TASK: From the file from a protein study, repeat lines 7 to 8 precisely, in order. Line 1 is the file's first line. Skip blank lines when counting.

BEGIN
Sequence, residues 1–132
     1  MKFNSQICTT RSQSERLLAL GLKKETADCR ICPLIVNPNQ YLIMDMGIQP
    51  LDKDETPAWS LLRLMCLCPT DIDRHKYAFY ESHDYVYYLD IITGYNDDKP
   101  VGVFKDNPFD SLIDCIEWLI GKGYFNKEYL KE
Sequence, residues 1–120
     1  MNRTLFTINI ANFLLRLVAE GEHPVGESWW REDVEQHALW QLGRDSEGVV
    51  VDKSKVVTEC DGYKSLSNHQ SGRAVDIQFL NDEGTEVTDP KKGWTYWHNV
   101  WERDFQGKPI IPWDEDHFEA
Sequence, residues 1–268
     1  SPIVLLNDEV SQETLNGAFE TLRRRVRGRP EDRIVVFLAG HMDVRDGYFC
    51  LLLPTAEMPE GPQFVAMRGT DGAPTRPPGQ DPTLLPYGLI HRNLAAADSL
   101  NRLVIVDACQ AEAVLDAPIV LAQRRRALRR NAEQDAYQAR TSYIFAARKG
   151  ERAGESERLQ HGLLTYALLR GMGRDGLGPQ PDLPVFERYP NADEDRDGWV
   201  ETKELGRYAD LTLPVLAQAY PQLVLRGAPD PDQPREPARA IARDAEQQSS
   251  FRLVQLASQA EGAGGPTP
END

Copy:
    51  VDKSKVVTEC DGYKSLSNHQ SGRAVDIQFL NDEGTEVTDP KKGWTYWHNV
   101  WERDFQGKPI IPWDEDHFEA